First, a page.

By Darragh McManus
The Gathering has proved a huge success this year at bringing home the diaspora, but the Ireland Reaching Out project has been doing the same thing since late 2010. Launched by Irish Independent columnist David McWilliams, this brainchild of entrepreneur Mike Feerick had a simple but brilliant idea: instead of waiting for Irish abroad to find their roots, why not proactively contact them?
IRO's "reverse genealogy" project is the subject of a six-part bilingual series, Tar Abhaile, beginning on TG4 this Sunday.
Presenter Evelyn O'Rourke explains: "The show has 12 different stories, based on reverse genealogy. IRO is a community project, with volunteer committees across Ireland, establishing family trees for people in their areas. So rather than the emigrant returning on their own, clutching a map and not having a clue, they're brought home and greeted by the community, and shown everything.
"If you're abroad and know your ancestors are somewhere in Ireland, it's tricky to get information. Records weren't great until the 20th century, and we had cases of people coming back and having very unsatisfactory experiences. Whereas these people were met by us at the airport, brought to their village and given a guided tour of their own story."
Once volunteers have gathered enough tangible information on people who left their area throughout the 1800s and 1900s, they track down living descendants and invite them back to their spiritual home and introduce them to long-lost relatives.
The show is full of heart-warming stories, with a broad cast of characters of all ages.
In Episode 1, we see Marsha Thomas, manager of a Chicago law firm, finally meet her second-cousin, 99-year-old Tommy Cooke, in Knockainey, Co Limerick, still living in the ancestral home where her great-grandfather was raised.
"Tommy told us who he knew, what he'd gone through, and it was fantastic," Marsha says. "I was bowled over. When you do genealogy, you look at a lot of dates: birth, marriage, children. Meeting a living descendant fills it all in and gives you people to go with those names and dates. Tommy's grandfather and my great-grandfather were brothers, and one left for America. There are things he brought with him that were part of that place, and I got a better feeling for that through Tommy."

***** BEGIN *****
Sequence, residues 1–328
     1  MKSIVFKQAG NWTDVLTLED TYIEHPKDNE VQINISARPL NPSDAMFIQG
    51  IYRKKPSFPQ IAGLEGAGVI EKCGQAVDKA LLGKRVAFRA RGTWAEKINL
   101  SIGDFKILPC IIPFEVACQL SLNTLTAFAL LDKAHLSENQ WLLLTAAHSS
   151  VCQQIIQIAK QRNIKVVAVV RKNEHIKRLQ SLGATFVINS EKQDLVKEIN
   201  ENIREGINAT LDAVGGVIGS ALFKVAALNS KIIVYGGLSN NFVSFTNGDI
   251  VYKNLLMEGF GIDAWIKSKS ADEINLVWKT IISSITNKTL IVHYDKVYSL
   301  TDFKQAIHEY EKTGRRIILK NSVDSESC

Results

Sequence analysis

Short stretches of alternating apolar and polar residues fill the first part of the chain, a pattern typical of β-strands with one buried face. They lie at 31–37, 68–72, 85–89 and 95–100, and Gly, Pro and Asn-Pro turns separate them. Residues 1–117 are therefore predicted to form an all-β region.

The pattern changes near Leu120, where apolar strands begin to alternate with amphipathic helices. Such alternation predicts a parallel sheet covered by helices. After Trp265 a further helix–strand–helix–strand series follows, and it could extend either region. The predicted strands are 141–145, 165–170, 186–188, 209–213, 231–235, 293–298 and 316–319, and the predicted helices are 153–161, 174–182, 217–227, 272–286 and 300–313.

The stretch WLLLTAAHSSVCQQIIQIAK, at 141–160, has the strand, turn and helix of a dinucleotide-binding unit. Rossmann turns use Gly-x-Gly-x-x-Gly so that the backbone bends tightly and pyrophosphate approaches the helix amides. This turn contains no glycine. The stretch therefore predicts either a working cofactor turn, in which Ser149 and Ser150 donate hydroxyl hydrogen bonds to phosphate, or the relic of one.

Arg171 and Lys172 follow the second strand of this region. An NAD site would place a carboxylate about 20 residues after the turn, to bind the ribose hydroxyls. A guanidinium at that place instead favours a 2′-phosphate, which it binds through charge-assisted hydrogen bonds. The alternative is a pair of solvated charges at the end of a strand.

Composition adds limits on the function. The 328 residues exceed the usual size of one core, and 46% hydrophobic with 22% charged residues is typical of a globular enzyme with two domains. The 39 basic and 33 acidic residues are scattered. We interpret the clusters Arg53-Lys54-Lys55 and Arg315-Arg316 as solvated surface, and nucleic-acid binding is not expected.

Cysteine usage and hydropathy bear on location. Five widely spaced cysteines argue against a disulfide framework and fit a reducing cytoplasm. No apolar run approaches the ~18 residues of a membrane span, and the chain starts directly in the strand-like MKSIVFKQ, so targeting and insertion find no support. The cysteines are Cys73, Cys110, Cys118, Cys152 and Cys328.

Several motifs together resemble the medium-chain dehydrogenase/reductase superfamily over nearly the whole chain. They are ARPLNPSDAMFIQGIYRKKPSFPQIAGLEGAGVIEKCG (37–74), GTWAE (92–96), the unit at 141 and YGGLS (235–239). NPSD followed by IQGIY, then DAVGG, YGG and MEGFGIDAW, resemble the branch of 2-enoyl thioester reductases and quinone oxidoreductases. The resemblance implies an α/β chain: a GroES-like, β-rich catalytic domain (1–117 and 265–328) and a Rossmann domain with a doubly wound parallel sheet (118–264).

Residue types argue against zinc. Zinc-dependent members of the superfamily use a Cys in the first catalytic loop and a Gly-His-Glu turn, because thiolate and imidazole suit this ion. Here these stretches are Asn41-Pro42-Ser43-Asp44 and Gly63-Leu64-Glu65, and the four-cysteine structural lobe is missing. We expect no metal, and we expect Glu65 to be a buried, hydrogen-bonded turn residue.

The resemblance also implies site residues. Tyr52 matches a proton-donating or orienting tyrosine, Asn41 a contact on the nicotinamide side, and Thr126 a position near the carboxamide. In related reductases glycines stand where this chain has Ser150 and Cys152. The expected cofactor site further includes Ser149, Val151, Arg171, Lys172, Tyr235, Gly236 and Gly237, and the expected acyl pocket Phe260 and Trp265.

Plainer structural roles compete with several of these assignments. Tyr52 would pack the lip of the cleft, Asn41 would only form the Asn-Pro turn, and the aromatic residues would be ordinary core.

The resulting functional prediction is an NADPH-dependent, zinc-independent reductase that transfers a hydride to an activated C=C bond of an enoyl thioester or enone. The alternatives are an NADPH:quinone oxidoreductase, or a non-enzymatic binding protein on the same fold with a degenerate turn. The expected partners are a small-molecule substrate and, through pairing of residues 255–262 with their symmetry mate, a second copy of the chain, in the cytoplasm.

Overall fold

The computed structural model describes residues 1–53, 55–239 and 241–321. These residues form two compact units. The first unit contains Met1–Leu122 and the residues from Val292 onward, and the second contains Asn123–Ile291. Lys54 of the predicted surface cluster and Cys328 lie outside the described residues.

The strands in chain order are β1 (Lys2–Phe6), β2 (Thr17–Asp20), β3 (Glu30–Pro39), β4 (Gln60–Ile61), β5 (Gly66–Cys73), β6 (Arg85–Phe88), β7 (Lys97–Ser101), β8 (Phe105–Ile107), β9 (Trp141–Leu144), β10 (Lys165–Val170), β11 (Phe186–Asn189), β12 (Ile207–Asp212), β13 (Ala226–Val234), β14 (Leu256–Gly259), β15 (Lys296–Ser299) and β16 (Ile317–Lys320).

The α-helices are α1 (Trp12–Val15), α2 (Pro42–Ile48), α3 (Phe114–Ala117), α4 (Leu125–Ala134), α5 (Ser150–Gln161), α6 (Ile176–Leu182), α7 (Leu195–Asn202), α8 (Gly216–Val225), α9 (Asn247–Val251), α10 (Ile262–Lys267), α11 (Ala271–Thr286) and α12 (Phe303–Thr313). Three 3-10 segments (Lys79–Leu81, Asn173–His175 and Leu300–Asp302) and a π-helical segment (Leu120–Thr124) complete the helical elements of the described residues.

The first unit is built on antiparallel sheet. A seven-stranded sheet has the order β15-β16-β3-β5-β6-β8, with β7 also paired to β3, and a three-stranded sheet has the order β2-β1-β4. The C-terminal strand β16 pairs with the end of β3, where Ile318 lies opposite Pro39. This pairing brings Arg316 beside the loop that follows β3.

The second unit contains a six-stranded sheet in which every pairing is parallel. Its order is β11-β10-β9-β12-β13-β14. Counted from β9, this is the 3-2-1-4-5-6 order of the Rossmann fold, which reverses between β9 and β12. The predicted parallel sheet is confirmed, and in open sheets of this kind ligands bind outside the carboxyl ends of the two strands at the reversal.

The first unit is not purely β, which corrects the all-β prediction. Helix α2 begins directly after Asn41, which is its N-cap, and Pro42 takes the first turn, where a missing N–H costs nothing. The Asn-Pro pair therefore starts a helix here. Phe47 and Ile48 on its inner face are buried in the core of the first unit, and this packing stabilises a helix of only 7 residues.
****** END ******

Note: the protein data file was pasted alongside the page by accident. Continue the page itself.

Jane Halloran Ryan is Connecticut-born but living for 20 years in her ancestral home of Tulla, Co Clare. Chair of the local IRO committee, she's featured in Episode 2.
"We've had a tremendous response from people abroad who knew they had roots in Tulla and were researching. We have members from all over the world," she says.
"One example is "Blake Dickie from St Louis, who I'm actually related to myself. He made contact, and we discovered he had a host of relatives in the area. He came over and got to meet a lot of cousins. And he's adopted, so had only known of two blood relatives, his daughters. Now there were around 30 of us waiting to meet him!
"IRO has been a phenomenal project for us, with far-reaching implications; it's got us thinking about preservation, heritage, the unique features we have here."
Evelyn describes the experience of working on Tar Abhaile as "incredible, very moving. The emigrants were so sincere about the whole thing. It was a real privilege for me, and a joy to work on."